Trans man who gave birth is fighting back after court legally declared him his child’s ‘mother’
Trans man Freddy McConnell, who lost the right to be named his child’s father at the High Court last year, will take his case to the Court of Appeal today.
McConnell, a journalist who gave birth to his son in 2018, has been fighting a drawn out and highly publicised legal battle seeking the right to be registered as his child’s father or parent on the birth certificate, instead of “mother”.
An anonymity order originally prevented news outlets from naming McConnell, but his identity was revealed after a legal challenge from several British newspapers.
In September 2019, a judge ruled against the McConnell at a High Court trial in London, England, despite the fact that he is legally recognised as male and has a Gender Recognition Certificate.
Sir Andrew McFarlane, the president of the family division of the High Court, ruled that people who had given birth must legally be named as the “mother” on their child’s birth certificate, regardless of their gender. This created the first legal definition of a mother in common law.
Today, March 4, at 10.30am, lord chief justice Ian Burnett, lady justice Eleanor King and lord justice Rabinder Singh will hear McConnell’s case at the Court of Appeal.
Scott Halliday, lawyer and modern families expert at law firm Irwin Mitchell, said: “The High Court decision was hugely disappointing, but the Court of Appeal offers an opportunity to accurately acknowledge the relationship between Freddy and his child, and thus for the law to be on the right side of history when it comes to transgender rights.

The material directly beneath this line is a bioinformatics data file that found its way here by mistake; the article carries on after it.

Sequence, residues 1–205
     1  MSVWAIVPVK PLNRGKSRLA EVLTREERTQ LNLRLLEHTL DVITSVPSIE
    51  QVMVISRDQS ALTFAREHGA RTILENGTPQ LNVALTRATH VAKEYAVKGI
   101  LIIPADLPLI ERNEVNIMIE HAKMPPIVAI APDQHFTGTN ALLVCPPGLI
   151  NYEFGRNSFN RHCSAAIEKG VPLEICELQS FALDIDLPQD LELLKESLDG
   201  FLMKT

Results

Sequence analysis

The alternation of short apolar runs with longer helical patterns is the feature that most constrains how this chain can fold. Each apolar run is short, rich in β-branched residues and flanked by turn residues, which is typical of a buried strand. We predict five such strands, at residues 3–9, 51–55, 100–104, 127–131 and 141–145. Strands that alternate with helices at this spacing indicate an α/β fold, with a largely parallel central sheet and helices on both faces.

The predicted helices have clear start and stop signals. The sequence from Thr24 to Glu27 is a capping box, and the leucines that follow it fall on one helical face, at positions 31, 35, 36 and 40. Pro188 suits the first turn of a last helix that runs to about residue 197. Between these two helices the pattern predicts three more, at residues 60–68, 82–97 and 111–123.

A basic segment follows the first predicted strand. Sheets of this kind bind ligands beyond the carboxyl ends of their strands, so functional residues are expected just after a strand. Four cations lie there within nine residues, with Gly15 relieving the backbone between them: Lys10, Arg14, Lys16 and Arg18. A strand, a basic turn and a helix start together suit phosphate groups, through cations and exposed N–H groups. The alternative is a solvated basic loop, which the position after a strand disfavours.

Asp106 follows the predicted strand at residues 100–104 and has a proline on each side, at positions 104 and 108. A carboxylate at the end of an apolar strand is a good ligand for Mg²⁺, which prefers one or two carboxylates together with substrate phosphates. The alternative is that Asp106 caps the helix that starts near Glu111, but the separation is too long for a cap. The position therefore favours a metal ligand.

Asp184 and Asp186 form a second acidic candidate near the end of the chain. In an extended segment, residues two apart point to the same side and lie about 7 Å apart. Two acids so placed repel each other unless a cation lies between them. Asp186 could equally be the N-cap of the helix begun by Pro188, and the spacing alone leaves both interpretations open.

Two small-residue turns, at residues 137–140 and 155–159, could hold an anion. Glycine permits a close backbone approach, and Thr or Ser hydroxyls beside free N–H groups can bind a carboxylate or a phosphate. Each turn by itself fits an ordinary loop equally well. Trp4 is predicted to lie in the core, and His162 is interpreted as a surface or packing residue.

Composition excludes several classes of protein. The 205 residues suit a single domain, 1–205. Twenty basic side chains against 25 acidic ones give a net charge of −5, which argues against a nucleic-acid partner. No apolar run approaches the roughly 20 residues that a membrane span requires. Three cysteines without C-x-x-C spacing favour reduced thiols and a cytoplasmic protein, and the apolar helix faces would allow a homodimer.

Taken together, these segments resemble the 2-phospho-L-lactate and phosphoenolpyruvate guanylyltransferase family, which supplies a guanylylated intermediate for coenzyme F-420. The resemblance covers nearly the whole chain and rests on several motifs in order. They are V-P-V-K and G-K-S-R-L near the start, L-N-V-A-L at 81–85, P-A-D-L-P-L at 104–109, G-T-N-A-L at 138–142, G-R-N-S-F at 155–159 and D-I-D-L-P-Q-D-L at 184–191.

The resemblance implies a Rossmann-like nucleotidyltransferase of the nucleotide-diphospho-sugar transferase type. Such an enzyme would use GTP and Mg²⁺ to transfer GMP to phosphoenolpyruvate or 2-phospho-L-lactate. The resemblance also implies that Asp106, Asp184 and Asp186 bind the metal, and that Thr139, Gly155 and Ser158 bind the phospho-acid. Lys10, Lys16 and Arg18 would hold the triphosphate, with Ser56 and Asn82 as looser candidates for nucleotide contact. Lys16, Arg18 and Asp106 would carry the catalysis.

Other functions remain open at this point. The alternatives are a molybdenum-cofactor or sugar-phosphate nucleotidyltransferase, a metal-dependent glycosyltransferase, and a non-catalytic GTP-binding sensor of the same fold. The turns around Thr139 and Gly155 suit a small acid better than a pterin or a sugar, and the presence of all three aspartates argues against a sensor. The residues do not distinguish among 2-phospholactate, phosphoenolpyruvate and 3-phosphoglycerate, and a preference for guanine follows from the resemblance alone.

“The current argument used to resist change in the law is seemingly to allow transgender people to assume rights in their acquired legal gender only in some circumstances. It is a piecemeal approach and extremely problematic.
“The transgender community will be looking at this case as a measure in how the law understands their needs and fundamental rights; a cherry-picking policy simply cannot be endorsed going forward, and the courts should recognise this when they hear the case.
“At the crux of the story are a man and his child wishing to have the family life that reflects their personal reality – to not have this basic right is a tragedy and one we must rectify in law.”
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Freddy McConnell documented his journey to fatherhood in the film Seahorse.
McConnell was originally told by doctors that he would be infertile because he had been taking testosterone, but he dispelled this myth by suspending his hormone treatment, and carrying his own child.
Freddy told PinkNews that he decided to turn his pregnancy into a film to try to “help people understand more about trans folk” while “helping people like me discover that they can do this themselves – not that they have to or should do, but just that they can, because we’re given all of this misinformation”.
He added: “I try to honour the experience. I’m proud of myself and I’m proud of the film. It was amazing.
“This thing that we can do as trans men, having babies – I think it is kind of a superpower.”